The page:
Caller input settings define actions that Unity Connection SRSV takes in response to phone keys pressed by callers during a call handler greeting. Using the settings on the Edit Greeting page for any greeting, you can also specify whether the greeting allows caller input and whether callers can perform transfers. Alternatively, you can define caller input keys and options that apply to all the call handler greetings using the Caller Input page for the call handler.
One-key dialing enables you to designate a single digit to represent a user extension, alternate contact number, call handler, interview handler, or directory handler. Instead of entering the full extension, the caller presses a single key during a call handler greeting and Unity Connection SRSV responds accordingly. By specifying different keys as caller input options, you can offer callers a menu of choices in the call handler greeting.
Configuring the transfer to alternate contact number action on one or more keys of a call handler allows you to quickly set up a simple audio-text tree that callers can use to transfer to specific non-user extensions on the phone system or to specific external numbers, without having to create separate call handlers for each number. When transferring a caller to an alternate contact number, Unity Connection SRSV can either supervise the transfer or release the call to the phone system.
Callers can also bypass one-key dialing. You set the system to pause a certain number of seconds for additional key presses before routing the call according to the one-key dialing menu you have set up. These pauses allow callers to press full extension IDs to bypass one-key dialing menus, even during the handler greeting.
Further, you can lock certain keys to take the caller directly to the action programmed for that key without waiting for an additional key press.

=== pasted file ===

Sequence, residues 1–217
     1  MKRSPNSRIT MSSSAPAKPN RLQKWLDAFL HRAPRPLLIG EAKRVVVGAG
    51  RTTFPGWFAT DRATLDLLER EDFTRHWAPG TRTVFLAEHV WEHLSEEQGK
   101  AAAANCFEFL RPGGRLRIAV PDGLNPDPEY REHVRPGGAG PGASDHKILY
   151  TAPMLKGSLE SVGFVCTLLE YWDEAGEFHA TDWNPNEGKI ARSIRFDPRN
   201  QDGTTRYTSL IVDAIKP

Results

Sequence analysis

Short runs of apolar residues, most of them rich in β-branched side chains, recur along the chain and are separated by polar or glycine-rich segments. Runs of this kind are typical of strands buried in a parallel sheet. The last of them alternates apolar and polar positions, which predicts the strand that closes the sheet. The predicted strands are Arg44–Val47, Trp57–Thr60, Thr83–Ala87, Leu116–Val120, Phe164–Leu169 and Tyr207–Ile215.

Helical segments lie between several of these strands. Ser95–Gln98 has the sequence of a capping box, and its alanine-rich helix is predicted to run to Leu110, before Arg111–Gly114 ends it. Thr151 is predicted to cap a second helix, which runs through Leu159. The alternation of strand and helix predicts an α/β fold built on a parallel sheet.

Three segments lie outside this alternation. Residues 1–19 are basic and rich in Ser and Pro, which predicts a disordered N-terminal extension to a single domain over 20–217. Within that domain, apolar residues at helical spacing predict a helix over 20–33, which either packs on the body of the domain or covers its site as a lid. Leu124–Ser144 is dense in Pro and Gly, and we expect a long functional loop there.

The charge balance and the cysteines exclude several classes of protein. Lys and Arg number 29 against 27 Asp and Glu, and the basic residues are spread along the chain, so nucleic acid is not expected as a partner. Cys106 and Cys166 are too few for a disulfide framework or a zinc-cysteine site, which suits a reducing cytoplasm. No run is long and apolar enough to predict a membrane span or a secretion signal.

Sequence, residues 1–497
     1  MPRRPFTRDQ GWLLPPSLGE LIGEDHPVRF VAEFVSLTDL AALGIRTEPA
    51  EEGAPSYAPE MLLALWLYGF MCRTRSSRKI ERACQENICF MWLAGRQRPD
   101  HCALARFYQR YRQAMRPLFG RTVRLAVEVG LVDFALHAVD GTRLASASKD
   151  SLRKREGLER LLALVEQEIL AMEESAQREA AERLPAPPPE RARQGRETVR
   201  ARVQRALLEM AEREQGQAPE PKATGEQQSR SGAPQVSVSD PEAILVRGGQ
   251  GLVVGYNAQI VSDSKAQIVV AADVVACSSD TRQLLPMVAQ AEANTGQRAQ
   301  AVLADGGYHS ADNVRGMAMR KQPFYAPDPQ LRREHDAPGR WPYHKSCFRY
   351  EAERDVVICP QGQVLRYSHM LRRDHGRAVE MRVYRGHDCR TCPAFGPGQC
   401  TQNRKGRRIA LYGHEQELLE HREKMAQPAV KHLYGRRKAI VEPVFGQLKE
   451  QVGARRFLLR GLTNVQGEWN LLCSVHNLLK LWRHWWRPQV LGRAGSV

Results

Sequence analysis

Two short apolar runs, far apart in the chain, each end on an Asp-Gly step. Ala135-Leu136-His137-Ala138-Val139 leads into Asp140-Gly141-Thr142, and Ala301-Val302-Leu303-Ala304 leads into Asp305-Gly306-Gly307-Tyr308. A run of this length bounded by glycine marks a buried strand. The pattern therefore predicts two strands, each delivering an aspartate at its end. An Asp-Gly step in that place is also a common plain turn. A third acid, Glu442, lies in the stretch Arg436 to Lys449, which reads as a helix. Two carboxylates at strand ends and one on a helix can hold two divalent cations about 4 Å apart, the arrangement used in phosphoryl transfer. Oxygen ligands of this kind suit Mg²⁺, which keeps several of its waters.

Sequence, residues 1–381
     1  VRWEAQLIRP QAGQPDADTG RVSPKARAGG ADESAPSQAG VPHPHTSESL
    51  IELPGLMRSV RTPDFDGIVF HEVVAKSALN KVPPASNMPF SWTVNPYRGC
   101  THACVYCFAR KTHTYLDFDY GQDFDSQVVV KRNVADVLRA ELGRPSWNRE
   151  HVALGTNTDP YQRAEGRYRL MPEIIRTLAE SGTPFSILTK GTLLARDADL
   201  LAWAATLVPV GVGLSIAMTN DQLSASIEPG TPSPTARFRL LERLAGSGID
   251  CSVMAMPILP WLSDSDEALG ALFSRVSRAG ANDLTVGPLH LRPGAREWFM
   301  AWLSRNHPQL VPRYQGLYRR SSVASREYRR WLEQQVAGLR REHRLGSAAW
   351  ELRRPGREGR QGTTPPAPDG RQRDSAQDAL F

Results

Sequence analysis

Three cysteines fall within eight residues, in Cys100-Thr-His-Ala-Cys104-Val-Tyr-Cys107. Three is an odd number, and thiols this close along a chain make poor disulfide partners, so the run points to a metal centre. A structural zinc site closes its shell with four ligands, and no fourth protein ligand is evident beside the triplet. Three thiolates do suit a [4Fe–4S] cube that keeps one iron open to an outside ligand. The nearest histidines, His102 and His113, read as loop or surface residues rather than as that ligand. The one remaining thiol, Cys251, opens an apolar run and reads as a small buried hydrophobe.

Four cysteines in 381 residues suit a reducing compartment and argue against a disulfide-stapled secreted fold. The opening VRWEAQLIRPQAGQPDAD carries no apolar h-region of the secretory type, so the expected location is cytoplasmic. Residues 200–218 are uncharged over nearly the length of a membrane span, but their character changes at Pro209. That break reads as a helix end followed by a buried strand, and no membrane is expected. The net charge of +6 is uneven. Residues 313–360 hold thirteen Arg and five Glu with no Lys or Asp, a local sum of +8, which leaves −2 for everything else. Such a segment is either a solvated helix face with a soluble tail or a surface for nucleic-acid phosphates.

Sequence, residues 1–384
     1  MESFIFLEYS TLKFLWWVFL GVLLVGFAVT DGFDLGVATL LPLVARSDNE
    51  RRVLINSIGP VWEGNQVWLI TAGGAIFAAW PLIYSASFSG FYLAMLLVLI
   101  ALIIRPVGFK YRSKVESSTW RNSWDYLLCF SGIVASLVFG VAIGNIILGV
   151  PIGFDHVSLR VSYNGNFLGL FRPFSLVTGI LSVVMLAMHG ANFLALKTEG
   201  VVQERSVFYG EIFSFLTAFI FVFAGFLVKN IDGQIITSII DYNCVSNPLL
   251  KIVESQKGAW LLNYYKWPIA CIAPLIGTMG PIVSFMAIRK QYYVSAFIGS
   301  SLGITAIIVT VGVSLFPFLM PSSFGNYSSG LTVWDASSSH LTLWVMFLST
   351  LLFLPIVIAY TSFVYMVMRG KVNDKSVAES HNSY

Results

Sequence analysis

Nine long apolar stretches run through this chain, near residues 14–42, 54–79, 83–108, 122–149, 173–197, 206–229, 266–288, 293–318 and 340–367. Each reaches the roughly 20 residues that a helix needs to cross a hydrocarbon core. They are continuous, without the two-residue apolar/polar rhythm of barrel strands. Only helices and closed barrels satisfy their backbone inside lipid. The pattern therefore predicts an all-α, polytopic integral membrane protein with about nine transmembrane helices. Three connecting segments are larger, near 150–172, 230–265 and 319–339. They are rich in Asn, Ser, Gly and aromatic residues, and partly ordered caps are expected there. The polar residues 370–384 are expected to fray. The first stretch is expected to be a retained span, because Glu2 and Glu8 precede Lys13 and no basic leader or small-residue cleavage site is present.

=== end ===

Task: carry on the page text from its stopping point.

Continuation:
You should not lock any key that matches the first digit of user extensions; otherwise, callers are not able to enter an extension to reach a user.
You can simulate abbreviated extensions using prepended digits for call handlers and user mailboxes. When such digits are defined, they are prepended to any extension that a caller dials while listening to the greeting for the call handler or user mailbox.
Unity Connection SRSV first attempts to route the call to the prepended extension. If the prepended extension is not valid, Unity Connection SRSV attempts to route the call to the dialed extension. In the following example, the call handler named Sales is configured with the prepended digits 123. When a caller dials 1000 while listening to the greeting for the Sales call handler, Unity Connection SRSV attempts to route the call to extension 1231000; if the prepended extension is not valid, Unity Connection SRSV attempts to route the call to extension 1000. (Note that if extension 1000 is not a valid extension and the greeting for the Sales call handler is configured to allow transfers to numbers not associated with users or call handlers, Unity Connection SRSV performs a release transfer to 1231000.)
Abbreviated extensions can be used as a way for an organization to segment users into different groups. For example, suppose a company has two departments: Engineering and Marketing. The company uses six digit extensions, and all extensions in Engineering begin with 10 and all extensions in Marketing begin with 11. Call handlers could be created for Engineering and for Marketing, and each call handler could be configured to prepend a 10 or a 11, as applicable, to any extension dialed from that call handler. When set up this way, users would only have to enter the last four digits of a user extension.